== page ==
Sunlight-Golden Treason, by the Candle's Waning Light
The assassin's paper was her last tapestry, and she painted treason in brilliant scarlet and sunrise gold in the fading light of a candle.
The assassin waits in Serekha's chambers until she returns from her evening meal.
Serekha removes her headdress and sets it aside. Her hands clasp behind her back when she stands over the assassin. Their tray is spread out on the floor before them, and Serekha's quick black eyes dance over its contents. No surprise ignites in her expression; the Judge's favorite painter knows precisely which deed severed the thread of his favor. To create an unauthorized work is forbidden; to create such a thing and present it not to the Judge but to the uncomprehending masses that he rules--that cannot be forgiven. Not by the one who holds the power to forgive.
The assassin might choose otherwise. But they are only the tool of the gods, and through them, the Judge.
Serekha does not weep, or run, only takes a seat on her cushions opposite the assassin. An unusual choice, and a graceful one. The assassin has ended more lives with the blades on their back than with the poison on their tray. There is some room for dignity in poison, but not on the thin edge of a knife. The assassin offers this small kindness where they may. They have few enough opportunities, despite the volume of their work.
Serekha gestures and breaks the solemn silence. "Do you light the candle first, or after?"
"After." They give her the fluted vial first, and light from the brazier catches inside, turning the liquid pale gold. Some drink slowly and some drink fast; Serekha drains it in one swallow. Somewhere deeper in her rooms, a handmaiden lets out a muffled wail. Serekha does not react, except to start speaking, so quickly that the assassin is made graceless for the first time in their memory as they fumble for their pen and ink.
Most people talk about plans unfinished, regrets and loved ones to be left behind. Journal entries, not poetry. It is no great surprise that Serekha, bearer of the Judge's laurels for her sweeping frescos and textured portraits, speaks art and not minutiae. The assassin's paper is her last tapestry and she paints treason, in gorgeous scarlet and sunrise-gold, by the candle's waning glow.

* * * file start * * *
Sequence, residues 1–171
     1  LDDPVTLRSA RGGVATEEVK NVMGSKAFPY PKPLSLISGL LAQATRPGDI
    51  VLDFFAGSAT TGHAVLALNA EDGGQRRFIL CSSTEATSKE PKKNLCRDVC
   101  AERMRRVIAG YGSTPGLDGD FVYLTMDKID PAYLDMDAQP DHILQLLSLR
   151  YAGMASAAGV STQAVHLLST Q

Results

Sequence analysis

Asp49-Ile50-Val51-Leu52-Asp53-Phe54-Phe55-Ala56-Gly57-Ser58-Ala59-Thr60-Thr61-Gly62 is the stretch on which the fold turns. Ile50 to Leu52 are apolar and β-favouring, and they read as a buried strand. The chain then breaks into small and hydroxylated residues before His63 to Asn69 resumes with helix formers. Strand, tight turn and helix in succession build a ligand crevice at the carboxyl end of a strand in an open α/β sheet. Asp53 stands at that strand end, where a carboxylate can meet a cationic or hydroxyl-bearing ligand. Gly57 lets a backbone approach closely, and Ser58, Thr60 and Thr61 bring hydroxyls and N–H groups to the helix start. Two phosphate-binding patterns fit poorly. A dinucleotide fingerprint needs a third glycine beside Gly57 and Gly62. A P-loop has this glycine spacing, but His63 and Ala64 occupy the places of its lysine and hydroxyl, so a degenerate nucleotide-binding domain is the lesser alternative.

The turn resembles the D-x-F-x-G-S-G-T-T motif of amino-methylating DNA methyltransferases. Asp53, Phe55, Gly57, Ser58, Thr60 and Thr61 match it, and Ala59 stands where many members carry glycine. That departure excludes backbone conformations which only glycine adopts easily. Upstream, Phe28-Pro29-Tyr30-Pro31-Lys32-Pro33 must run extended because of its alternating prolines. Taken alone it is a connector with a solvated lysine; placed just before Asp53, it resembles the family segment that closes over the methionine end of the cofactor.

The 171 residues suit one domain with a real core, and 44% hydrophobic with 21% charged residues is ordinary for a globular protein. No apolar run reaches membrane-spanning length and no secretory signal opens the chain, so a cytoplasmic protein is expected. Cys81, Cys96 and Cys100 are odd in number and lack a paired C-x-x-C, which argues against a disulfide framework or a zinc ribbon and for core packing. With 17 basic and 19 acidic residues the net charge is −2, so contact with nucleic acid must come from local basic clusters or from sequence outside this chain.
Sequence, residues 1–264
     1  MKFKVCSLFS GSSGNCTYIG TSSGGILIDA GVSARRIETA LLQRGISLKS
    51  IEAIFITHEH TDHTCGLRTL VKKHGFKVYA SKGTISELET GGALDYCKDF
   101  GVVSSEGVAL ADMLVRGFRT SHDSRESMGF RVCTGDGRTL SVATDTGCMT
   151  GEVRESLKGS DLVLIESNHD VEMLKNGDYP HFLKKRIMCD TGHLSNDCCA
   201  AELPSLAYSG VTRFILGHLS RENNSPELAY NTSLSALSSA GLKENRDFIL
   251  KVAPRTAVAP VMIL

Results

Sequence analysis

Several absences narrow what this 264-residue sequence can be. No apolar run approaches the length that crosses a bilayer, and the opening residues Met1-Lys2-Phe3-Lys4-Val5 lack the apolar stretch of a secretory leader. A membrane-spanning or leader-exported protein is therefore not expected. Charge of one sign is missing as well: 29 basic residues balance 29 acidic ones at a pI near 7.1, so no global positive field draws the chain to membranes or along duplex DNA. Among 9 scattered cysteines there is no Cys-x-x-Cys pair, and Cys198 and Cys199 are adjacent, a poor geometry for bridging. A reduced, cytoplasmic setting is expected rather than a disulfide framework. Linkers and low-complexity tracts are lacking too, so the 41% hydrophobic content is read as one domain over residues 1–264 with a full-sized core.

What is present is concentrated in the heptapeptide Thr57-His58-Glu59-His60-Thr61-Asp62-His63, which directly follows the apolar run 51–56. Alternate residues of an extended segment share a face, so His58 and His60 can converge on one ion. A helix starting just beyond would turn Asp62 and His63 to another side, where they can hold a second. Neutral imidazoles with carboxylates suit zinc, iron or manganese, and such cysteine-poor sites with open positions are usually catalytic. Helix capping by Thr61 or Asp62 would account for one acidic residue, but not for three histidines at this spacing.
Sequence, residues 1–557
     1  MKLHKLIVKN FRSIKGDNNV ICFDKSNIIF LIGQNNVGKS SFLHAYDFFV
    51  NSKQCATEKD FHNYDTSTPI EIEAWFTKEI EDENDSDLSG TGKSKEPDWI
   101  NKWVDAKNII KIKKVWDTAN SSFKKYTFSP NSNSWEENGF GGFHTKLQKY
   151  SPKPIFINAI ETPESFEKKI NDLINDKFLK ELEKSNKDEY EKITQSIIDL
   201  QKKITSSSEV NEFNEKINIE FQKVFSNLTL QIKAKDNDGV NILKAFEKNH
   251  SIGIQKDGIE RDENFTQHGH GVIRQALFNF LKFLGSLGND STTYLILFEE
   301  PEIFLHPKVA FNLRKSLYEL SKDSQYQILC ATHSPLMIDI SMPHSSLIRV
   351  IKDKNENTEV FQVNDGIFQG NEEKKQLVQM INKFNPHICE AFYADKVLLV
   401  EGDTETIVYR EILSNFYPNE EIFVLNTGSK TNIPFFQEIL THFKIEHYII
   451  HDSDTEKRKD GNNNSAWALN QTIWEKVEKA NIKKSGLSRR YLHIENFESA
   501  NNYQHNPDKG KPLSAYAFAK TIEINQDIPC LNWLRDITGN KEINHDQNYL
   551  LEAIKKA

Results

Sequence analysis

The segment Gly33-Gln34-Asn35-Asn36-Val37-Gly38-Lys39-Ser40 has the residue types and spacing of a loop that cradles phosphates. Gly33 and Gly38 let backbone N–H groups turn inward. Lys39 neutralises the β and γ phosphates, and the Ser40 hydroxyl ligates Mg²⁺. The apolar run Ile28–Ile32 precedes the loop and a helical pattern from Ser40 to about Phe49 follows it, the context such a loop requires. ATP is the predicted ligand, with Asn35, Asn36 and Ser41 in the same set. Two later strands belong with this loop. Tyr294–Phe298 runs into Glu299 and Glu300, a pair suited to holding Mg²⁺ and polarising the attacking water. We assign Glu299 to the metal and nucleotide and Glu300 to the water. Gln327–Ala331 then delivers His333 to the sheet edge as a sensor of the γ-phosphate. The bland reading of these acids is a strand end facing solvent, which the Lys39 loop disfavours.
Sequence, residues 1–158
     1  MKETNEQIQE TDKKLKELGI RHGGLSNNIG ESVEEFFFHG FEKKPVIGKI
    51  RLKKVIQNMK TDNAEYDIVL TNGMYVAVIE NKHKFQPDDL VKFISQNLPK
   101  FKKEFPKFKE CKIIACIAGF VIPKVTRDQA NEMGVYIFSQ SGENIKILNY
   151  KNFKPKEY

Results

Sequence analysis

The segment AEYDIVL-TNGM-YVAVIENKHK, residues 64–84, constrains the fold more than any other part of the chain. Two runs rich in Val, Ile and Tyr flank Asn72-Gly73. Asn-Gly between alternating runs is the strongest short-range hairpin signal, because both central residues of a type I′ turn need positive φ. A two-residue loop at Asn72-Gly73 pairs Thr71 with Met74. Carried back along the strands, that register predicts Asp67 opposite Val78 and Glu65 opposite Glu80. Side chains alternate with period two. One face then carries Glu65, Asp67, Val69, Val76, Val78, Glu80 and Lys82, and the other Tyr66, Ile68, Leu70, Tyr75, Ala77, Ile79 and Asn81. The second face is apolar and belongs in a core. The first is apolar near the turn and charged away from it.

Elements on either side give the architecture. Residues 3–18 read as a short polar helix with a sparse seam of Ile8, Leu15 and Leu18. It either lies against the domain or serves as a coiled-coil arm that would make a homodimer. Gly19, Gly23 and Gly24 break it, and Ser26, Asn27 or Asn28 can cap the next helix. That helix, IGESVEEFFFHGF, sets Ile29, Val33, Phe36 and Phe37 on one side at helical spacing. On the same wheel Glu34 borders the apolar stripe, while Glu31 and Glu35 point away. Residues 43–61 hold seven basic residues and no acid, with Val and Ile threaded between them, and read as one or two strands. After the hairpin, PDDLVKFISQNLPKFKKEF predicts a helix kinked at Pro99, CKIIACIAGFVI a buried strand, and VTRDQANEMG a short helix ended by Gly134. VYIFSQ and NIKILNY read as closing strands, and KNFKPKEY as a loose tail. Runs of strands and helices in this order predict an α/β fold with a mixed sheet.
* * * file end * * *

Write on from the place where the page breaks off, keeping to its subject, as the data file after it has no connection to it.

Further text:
"Have you no regrets?" the assassin asks, breaking the flow when she pauses for air. It is not customary for them to interrupt; they scribe their own words into the narrative now, nib scratching paper.
Serekha smiles. The candle is little more than a nub, flame clinging to an eyelash's worth of wick. "Regret cannot be carried into death, no more than silk or precious stones. Regret is for the living."
"You do not regret, then, the--business that brings me here tonight?"
Serekha closes her eyes, reclines deeper into the pillow. "Have you seen it?"
"It has been painted over." Swaths of black cover the city wall where Serekha touched it, but edges peep through, and these slender patches whisper of blood shining, banners trampled. All of it mirrored in the street below, where dark spots stain the dirt and tributes to Serekha have been crushed into the dirt beneath soldiers' boots. "It's gone."
"I didn't ask if it was gone. I asked if you had seen it." The assassin's silence is answer enough. Serekha closes her eyes. "What have you to fear, little cupbearer?" She sighs, her chest stilling under the poison's gentle hand.
The assassin looks down to where they have scratched the words deep into the paper. Words of treason. Words of betrayal. What have you to fear, little cupbearer? They have carried out so many worse deeds, and yet this faithful transcription might be the one to damn them, just as Serekha's honest depiction of a city in chains damned her.
No: as they damned her.
They are only the tool of the gods. But a knife is a tool; one which can cut two ways.
They are waiting, come the dawn, while the Judge files into his chamber-room at the head of the usual parade of functionaries and officers of the Godcourt. A meal has been prepared for them, served on the pink, trembling bodies of slender youths. Papers rest upon the tables and petitioners mill in the halls below, awaiting rulings. The Judge nods brusquely, seeing the assassin--he will have been expecting a report--then takes a seat to select the choicest morsel from the choicest stretch of glistening muscle.
As he chews, his eyes catch the assassin's tray where it rests on the table. He knocks his chair over in his bid to escape, and his panic swiftly infects the rest of the Godcourt.
The Judge does not choose dignity.
He does not get far.